Wednesday, June 17, 2009

Paul Samuelson Somehow Lands in the Right Place Again and Fears for the Dollar

Samuelson writes:

Up until now, China has been willing to hold her recycled resources in the form of lowest-yield U.S. Treasury bills. That's still good news. But almost certainly it cannot and will not last.

Some day -- maybe even soon -- China will turn pessimistic on the U.S. dollar.

That means lethal troubles for the future U.S. economy.

When a disorderly run against the dollar occurs, I believe a truly global financial panic is to be feared. China, Japan and Korea now hold dollars not because they think dollars will stay safe.

Why then? They do this primarily because that is a way that can prolong their export-led growth.

I am not alone in this paranoid future balance-of-payment fear.

Samuelson reaches his correct conclusions in a very odd way. Mario Rizzo says it best:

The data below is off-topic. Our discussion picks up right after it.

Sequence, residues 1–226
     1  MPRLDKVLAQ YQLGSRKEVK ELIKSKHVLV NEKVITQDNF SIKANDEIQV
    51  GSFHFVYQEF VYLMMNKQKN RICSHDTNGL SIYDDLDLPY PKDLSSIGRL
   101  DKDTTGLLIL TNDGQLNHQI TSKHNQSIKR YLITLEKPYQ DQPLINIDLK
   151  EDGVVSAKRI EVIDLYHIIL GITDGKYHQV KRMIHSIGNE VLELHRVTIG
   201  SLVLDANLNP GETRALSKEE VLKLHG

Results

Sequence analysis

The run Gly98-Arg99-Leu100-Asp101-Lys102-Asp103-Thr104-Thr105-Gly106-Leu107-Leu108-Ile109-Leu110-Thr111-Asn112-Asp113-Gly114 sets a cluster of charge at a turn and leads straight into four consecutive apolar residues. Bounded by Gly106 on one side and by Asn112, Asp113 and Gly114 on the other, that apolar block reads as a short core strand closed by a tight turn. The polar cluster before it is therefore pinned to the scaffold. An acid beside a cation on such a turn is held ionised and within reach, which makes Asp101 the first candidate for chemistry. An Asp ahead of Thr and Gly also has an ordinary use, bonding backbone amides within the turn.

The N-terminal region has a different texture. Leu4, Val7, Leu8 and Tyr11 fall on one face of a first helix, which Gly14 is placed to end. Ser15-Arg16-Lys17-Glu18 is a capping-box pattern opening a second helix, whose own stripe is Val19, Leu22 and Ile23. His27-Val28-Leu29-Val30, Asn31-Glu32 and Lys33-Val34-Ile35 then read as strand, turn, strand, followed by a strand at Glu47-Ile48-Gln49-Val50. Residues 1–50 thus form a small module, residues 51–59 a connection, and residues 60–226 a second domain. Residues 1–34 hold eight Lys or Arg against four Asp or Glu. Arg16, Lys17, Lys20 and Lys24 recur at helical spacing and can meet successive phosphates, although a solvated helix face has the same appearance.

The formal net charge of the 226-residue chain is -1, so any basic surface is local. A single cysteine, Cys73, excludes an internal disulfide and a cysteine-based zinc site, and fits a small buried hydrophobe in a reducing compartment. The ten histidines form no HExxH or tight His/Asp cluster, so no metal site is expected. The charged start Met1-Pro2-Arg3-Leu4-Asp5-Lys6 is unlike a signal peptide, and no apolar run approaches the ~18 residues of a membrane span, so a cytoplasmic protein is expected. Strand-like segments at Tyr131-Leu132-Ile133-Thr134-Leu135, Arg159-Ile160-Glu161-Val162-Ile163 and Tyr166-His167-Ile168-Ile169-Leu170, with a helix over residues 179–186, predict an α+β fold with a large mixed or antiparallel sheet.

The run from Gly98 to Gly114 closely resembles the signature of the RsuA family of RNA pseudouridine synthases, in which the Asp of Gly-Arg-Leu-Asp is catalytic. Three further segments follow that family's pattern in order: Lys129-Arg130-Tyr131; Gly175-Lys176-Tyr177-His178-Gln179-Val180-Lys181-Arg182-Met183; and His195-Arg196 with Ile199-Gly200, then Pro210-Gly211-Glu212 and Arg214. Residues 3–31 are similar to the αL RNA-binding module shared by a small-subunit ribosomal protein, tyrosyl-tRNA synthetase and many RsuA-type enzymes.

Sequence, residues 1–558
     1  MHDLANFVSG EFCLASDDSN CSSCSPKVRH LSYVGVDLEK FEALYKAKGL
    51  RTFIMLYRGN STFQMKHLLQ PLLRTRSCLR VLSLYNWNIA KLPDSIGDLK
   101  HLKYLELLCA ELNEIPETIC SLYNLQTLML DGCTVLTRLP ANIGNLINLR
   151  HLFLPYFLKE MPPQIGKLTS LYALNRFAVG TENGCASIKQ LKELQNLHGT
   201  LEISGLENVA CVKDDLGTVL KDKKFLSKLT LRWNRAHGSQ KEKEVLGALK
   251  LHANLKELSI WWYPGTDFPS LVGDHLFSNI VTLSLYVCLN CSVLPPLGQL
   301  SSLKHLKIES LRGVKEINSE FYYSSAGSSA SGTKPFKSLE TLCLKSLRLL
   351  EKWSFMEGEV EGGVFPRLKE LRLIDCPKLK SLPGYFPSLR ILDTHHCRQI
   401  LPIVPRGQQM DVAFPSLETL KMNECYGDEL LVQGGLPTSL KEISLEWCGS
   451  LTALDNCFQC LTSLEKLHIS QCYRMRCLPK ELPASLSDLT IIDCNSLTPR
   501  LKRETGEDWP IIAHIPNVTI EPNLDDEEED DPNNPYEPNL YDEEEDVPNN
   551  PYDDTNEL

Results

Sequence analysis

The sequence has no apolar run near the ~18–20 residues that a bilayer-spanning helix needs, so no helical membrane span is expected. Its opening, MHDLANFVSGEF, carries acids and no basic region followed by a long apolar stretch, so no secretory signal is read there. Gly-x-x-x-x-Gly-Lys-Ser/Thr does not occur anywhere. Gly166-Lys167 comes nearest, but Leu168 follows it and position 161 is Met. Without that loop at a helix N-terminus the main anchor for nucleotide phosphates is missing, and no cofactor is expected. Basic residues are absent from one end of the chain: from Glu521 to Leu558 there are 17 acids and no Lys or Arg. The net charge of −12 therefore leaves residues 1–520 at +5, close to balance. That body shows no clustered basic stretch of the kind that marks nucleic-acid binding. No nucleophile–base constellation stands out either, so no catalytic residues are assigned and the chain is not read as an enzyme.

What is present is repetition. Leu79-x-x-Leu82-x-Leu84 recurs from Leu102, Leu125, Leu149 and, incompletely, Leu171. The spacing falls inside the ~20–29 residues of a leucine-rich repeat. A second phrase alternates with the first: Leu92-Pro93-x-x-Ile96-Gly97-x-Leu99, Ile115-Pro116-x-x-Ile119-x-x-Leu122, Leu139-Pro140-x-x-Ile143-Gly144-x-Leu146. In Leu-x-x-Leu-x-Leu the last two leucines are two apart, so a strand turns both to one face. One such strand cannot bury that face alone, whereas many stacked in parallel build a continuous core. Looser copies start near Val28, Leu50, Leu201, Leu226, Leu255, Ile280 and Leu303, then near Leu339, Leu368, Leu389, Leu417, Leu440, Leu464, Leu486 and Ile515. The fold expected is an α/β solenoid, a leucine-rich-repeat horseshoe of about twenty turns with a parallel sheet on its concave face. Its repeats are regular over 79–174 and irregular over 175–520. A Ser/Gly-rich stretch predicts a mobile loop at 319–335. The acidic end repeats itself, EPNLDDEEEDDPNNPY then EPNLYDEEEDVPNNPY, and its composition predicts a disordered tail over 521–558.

It is possible to agree with someone’s conclusions but wonder if he has the slightest basis for them. That’s how I feel about Paul Samuelson’s latest article.
Rizzo's entire comment puts thing in perspective and is a must read. Samuelson is one of those guys who always seems to end up on the right side of things, despite himself. In his textbooks, he has always been militantly anti-gold. Yet in the 1970's, he placed his money with a Princeton-based money management firm that made a multi-million dollar fortune for him (on top of his text book income) by going long gold.

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